In the sophomore phase, the women are exploring the world. They start asking questions relating to God, purpose, and meaning and they learn different hobbies and skills, such as yoga and cooking. One woman had her first birthday party at age 21. “We try to have as many firsts as possible,” says Allert, “so they realize that the world’s a much bigger place than what they’ve known. Because if you think about it, if you’ve been molested since you were eight years old, you learn to keep your world very small.”
The junior phase focuses on productivity, academics, job skills, and helping the women make choices for themselves. During this phase, the women work through deep trauma, which is something that takes a long time. The senior phase is comparable to being a senior in high school. The women have more privileges, independence, and start building community outside the program.
Says Allert, “People who aspire to do this kind of work have to realize they’re going to be walking alongside these amazing people for a long time, and they have to have a very patient disposition.” Because TSW works with a population that is used to running, the staff has to accept they are still doing good work even if a survivor does not complete the program. Sometimes, however, the team is able to witness someone totally turn her life around.
For example, one woman came to TSW after getting out of jail. A probation officer saw something in her and had a judge refer her to the program. The woman was fairly stable because she had gotten sober from drugs while being incarcerated, but she did not want to be at TSW and came with a chip on her shoulder. The staff, however, did not give up. “We just kept making invitations for her to show us what she had besides her body,” says Allert. “And she began to really like it. She also started to make friends, which is something she never had while she was being exploited. She had a very violent trafficker, and he kept her isolated from any other females.”
The woman ended up completely turning her life around. By the time she graduated from TSW, she had successfully enrolled in college and was getting straight A’s. She had also remained sober and had cut ties to her past life. She now has full custody of her son and is engaged to a good man. “And she loves Jesus now,” says Allert. “She really connected with the idea of Jesus as her constant companion. That was a game-changer for her.”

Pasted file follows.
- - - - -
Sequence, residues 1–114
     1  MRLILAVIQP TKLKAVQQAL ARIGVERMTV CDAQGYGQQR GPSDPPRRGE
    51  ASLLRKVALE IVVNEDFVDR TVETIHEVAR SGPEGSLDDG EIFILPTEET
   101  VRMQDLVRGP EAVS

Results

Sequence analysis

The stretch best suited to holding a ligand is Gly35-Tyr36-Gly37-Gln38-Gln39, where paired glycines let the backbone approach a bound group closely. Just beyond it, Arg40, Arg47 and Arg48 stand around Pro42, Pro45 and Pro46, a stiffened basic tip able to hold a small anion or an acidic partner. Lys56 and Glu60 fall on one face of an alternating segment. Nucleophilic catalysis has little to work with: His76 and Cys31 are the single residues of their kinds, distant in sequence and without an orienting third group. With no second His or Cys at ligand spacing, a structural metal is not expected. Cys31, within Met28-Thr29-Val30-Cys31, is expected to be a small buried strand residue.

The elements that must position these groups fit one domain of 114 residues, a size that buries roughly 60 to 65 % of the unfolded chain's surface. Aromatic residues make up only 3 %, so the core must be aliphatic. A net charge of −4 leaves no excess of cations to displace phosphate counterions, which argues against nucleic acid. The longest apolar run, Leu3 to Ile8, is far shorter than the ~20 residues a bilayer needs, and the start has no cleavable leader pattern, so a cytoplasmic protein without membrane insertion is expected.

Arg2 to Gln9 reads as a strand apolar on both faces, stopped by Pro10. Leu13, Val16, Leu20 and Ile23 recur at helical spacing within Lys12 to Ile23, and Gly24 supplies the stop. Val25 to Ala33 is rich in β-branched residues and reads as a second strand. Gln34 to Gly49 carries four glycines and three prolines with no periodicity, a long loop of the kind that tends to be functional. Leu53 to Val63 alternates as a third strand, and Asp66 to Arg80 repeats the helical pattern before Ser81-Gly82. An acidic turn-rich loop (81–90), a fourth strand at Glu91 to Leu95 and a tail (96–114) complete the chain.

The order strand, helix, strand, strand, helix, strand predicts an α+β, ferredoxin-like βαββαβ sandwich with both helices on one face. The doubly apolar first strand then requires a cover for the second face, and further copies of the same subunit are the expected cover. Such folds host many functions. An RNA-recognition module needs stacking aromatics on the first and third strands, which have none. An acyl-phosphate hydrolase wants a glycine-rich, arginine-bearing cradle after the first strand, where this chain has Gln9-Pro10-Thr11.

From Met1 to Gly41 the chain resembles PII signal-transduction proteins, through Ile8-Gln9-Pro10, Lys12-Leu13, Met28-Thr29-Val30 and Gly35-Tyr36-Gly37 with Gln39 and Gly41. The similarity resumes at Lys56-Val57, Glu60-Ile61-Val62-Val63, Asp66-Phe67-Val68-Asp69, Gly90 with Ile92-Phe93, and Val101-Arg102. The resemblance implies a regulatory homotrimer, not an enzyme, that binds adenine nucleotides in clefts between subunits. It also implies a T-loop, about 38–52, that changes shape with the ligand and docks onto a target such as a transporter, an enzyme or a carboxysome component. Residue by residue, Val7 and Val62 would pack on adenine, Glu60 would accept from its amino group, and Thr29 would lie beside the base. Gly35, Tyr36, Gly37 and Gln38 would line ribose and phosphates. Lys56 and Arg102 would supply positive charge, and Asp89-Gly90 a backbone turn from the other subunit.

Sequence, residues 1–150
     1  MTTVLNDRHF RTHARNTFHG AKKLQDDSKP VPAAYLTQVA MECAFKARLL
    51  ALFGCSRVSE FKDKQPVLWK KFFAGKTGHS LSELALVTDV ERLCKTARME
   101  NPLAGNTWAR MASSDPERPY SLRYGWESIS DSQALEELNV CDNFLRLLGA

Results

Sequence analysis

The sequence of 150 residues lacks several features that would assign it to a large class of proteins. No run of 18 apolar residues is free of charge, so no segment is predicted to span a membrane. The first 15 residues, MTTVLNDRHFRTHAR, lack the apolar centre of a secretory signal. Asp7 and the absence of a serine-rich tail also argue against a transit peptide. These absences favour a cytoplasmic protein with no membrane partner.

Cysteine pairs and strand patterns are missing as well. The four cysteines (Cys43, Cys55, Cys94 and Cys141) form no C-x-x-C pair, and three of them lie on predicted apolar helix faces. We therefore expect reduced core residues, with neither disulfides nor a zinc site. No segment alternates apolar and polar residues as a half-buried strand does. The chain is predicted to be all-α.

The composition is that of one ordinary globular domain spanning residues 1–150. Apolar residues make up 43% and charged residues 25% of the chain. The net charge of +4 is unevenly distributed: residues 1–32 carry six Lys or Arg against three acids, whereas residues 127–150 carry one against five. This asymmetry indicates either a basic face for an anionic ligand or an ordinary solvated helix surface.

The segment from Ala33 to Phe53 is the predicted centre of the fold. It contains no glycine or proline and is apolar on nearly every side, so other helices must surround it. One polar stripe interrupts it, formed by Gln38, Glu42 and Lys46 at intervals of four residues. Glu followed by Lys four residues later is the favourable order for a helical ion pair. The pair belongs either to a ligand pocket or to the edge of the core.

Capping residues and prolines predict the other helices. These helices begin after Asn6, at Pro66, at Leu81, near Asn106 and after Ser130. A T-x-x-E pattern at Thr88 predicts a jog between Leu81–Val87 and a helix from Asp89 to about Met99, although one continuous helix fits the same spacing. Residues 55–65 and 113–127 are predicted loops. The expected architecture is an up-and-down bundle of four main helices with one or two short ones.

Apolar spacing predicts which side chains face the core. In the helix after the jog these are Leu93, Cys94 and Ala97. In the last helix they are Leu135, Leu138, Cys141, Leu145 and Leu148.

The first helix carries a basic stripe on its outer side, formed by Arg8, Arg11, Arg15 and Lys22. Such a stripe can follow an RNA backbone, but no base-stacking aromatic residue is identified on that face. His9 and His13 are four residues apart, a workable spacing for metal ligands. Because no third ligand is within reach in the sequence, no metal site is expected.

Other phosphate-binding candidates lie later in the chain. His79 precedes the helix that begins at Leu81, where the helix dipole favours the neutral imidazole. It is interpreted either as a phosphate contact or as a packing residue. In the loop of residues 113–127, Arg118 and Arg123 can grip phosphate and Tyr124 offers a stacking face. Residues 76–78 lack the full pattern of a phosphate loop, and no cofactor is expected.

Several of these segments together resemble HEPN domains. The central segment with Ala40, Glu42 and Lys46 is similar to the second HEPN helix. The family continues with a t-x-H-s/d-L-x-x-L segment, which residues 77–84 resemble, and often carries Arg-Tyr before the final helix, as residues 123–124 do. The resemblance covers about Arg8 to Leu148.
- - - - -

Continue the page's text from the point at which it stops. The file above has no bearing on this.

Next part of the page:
What You Can Do to Help
There is a lot that believers and church leaders can do to help people who are being sexually exploited in the United States. Allert says that first, people need to become as aware as possible about domestic sex trafficking in their areas. It looks different everywhere. Some areas have more brothels, others have more casinos, and some have more event-based trafficking. After you become aware of the problem where you live, you can volunteer with or financially support a shelter care program locally or nationally. If you don’t know where any such programs are, TSW can help you find them.
Then there are people who are feeling the call to make a deeper commitment to engage with this issue, but will talk themselves out of doing so because they don’t know how. “That’s exactly the person we would like to reach,” says Allert.
If you are that person, don’t talk yourself out of helping. If you are a church leader, ask who you know whose heart is stirring and who has the maturity and leadership ability to serve in this ministry. Then help those people make the connections they need to pursue serving.
If you or someone you know is interested in being trained in TSW’s model for shelter care, you can go here to see what is required to apply. You can also contribute financially to help an organization, such as your church, receive that training. The cost for a start-up shelter to go through TSW’s three-year mentoring program is $63,000, and Allert says their goal is to raise enough funds to make the program completely free. If you would like to give toward this need, you can do so here.
However people choose to help, Allert is hoping that believers across the country will be inspired to make sacrificial commitments on behalf of those who are being trafficked. “The church is the forerunner in this space,” she says, “and we certainly have the Great Healer. So we need to share that, and we need to share abundantly. This is a population that desperately needs it.”